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I am rather new to the German language but I have been following it since I have an interest in it. The first problem I encountered in my studies is that I couldn't help but wonder, how does the German language differentiate the gender of nouns and other words. Is there a pattern or is it just pure classification?

marked as duplicate by hiergiltdiestfu, user unknown, chirlu, Em1, Crissov Jan 28 '16 at 15:57

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    Danke schön Herr Takkat!! – Das Fluffy Jan 28 '16 at 12:14
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    What do you mean with other words? Verbs, for instance? Verbs don't have gender. The (gender of nouns) and (other words)? Hm? What's the question? The language itself does not differentiate, the users of the language do things, and they do it by using the language. – user unknown Jan 28 '16 at 12:20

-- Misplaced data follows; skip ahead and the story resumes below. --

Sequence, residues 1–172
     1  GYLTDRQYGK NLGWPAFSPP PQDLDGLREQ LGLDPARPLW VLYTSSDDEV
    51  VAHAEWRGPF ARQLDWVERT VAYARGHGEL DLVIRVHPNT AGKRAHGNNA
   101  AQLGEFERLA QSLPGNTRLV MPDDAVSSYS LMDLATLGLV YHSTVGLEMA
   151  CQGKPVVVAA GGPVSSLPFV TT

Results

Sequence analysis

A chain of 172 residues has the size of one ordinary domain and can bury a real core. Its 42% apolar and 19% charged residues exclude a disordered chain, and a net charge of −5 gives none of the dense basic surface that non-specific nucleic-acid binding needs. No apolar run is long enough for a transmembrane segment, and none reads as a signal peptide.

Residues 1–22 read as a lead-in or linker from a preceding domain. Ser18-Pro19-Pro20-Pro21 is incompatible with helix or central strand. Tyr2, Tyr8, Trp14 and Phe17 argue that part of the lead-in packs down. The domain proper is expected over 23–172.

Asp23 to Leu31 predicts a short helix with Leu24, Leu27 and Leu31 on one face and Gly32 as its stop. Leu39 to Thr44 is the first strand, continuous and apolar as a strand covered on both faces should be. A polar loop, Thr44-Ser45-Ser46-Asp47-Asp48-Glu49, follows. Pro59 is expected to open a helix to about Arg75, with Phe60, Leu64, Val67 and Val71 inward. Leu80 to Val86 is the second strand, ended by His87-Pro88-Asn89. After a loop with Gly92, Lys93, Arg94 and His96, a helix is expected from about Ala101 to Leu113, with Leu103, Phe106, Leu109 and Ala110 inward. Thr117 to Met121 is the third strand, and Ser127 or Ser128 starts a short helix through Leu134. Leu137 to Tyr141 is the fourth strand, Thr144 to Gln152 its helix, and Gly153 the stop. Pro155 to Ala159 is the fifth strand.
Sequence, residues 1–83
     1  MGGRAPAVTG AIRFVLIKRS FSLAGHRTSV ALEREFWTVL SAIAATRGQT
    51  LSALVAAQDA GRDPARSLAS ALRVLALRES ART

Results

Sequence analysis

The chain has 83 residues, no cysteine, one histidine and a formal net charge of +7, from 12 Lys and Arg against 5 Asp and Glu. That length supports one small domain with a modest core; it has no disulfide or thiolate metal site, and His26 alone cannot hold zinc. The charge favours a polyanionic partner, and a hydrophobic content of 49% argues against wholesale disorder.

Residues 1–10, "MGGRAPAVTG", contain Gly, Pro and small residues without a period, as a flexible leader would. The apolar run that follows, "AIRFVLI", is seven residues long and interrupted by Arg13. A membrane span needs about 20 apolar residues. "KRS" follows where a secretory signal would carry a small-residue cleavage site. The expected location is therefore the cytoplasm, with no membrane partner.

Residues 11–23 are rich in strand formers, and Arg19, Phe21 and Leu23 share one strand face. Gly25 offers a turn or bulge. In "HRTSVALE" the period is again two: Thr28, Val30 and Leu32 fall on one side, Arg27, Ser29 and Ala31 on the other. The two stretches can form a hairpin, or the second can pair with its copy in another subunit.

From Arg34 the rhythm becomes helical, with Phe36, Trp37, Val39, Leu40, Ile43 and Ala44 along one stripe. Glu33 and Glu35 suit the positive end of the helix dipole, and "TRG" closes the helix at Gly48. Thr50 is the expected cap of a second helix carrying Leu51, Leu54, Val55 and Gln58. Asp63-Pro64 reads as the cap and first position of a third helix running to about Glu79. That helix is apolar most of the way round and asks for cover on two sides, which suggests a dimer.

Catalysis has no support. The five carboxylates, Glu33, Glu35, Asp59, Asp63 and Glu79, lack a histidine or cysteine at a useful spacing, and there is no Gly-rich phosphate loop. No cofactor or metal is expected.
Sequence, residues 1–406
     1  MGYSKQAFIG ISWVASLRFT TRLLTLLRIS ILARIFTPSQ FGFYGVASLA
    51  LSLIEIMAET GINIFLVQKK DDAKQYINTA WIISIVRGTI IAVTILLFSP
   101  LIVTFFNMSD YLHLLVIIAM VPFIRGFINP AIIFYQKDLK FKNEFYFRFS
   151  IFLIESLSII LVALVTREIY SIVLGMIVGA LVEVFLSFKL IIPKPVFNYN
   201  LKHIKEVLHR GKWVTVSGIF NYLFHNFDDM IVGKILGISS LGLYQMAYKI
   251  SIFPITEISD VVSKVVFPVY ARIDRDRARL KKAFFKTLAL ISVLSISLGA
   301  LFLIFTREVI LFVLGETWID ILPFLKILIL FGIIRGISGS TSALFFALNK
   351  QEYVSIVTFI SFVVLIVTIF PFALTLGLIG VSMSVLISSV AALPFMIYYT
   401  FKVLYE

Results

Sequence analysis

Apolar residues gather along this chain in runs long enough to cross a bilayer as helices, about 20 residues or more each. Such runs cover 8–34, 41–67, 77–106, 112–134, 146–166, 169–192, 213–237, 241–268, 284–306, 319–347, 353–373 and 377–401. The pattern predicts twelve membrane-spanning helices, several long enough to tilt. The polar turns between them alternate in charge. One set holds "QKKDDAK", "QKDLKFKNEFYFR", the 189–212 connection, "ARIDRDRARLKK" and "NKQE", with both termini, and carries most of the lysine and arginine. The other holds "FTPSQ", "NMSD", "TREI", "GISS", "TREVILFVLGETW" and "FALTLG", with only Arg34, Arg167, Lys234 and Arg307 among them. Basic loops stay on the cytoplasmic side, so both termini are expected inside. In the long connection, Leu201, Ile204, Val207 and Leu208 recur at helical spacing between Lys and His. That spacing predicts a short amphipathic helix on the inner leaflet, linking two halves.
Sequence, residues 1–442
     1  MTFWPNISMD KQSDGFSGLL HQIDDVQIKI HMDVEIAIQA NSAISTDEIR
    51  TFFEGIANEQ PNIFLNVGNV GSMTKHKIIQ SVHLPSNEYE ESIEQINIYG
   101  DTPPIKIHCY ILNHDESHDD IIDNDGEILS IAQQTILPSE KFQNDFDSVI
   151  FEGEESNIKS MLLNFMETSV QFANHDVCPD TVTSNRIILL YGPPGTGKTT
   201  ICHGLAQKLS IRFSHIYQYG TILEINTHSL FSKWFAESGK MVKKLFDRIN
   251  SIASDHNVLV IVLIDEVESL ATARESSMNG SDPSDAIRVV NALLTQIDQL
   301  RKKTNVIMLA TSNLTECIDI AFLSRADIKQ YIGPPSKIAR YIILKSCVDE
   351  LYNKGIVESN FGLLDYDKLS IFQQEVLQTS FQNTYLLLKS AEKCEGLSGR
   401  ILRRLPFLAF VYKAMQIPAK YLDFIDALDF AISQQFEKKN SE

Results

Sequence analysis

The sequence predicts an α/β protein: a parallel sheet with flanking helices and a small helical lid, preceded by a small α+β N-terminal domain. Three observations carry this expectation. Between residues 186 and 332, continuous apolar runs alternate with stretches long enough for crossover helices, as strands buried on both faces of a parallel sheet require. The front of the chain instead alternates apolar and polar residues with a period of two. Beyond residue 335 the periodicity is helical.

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  • Differentiate the gender of nouns: Here one has to deal with it, you just have to learn the gender of almost every substantive (although there are a bunch of rules [albeit with exceptions], which in very few cases help to you to determine it).

  • "Other words": Only nouns have a gender. Some of the "other words" sort of acquire a gender when combined with a noun. At a beginner's level, all words you need are registered in the respective Wiktionary's entry to that word. For instance if you need rot (red) you to to:

https://de.wiktionary.org/wiki/Flexion:rot

and after opening it by a second time you no longer wonder about the many entries : )

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